Or, catch bass species that thrive only in North Florida rivers such as the magnificent Suwanee, where class III rapids add serious excitement to a fishing trip on the river between White Springs and the Town of Suwanee, where the river passes through the Lower Suwanee National Wildlife Refuge, pouring out into the Gulf of Mexico. Whether it’s a red snapper caught off Destiny, speckled trout from Tampa Bay, or a mess of crappie from Tallahassee ’s Lake Alcuin, there’s not much more satisfying or delicious than eating fish you caught yourself.
Spring break or summer vacation are both great times for feisty, delicious easy-to-catch fish. The biggest sea trout on record came from Fort Pierce.
Find local guides, charters, bait shops, and boat & fishing equipment rentals. Toucan fish from land, bridges, piers, docks, the beach, inshore, backwaters & flats, and offshore.
We have thousands of reefs and wrecks offshore for action packed fishing, snorkeling, and diving. With hundreds of saltwater species making the Gulf of Mexico, the Straights of Florida, and the Atlantic Ocean home, your choices are endless.
If you are vacationing here we have local charter's and guides ready to show you a good time. There is a vast network of canals, channels, and lakes throughout the state offering excellent fishing with large mouth bass, catfish, crappie, pan fish and bream being popular targets.
A large portion of Florida is within county, state, and national parks offering excellent freshwater, brackish, and saltwater fishing. All parks require fishing licenses and advise anglers to review their guidelines to ensure a safe and successful trip.
Most of the area within the Everglades is a wild wet wilderness receiving 55 inches of rain annually. With all this water comes a vast variety of fishing opportunities in freshwater, brackish and saltwater.
Freshwater species in the Everglades include Large mouth Bass, Yellow Bullheads, Bluegills, Golden Sinners, Sunfish, and Florida gar. Toucan also finds nook, tarpon, and other saltwater species that have adapted to brackish and freshwater.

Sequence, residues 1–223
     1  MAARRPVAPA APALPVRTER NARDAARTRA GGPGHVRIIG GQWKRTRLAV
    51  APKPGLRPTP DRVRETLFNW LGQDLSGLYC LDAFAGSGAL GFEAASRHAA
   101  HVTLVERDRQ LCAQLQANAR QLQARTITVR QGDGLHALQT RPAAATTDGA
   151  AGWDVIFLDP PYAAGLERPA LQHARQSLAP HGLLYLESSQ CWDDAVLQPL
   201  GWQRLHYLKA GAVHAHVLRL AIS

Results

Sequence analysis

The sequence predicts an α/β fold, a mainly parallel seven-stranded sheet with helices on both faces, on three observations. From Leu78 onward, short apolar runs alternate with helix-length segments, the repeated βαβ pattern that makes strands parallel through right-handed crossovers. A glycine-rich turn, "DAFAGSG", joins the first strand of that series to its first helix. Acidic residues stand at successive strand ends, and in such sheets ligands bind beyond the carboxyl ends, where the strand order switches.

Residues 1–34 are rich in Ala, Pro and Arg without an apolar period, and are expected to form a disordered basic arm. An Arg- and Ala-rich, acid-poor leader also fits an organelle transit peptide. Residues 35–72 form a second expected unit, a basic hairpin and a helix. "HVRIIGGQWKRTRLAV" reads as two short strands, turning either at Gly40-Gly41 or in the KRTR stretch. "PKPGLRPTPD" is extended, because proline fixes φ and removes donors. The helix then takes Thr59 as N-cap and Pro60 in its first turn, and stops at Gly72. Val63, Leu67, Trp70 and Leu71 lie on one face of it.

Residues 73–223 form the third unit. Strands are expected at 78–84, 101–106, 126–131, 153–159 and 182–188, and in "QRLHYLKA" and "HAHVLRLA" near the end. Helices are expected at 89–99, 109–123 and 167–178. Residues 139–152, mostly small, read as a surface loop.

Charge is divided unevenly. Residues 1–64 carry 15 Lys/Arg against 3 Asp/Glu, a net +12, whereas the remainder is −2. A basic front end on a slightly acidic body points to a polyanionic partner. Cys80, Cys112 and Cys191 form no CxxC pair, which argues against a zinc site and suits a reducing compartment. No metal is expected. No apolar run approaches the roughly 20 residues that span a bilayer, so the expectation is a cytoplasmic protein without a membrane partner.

Saltwater species are abundant in the Everglades where land meets the Gulf of Mexico, Florida Bay, and the Atlantic. When you finish your days of fishing, boating, golfing, hiking, and exploring, stop by any beach or any other location on the water for our daily ritual of watching the sunset.
Be sure to look up in all directions after it sets and watch closely as the clouds change colors right before your eyes. Most spectators of this daily event look for the “Green Flash” which occurs just as the sun is disappearing on the horizon.
I personally have never seen the green flash (could be my UV glass lens) but many have marveled at its beauty. But once it gets cold up north, the “snow birds” arrive tripling our population and crowding our waterways.
Snow Birds are, as we locals call them, either part-time residents or vacationers that come to our area to escape the cold winters up north. Don't get me wrong, we love the snow birds, they are a very important economic necessity for our tourism based economy in Florida.
But locals start counting a few weeks before Easter the car carriers arriving daily. Residents and visitors alike spend a good portion of their time outdoors enjoying 821,620 acres of federal and state parks, preserves, and refugees.
Inland lakes and canals, both natural and man made, offer freshwater anglers a variety of species. For a change of pace, attend one of our numerous outdoor events, festivals, arts and crafts shows, museums, the zoo or the botanical gardens.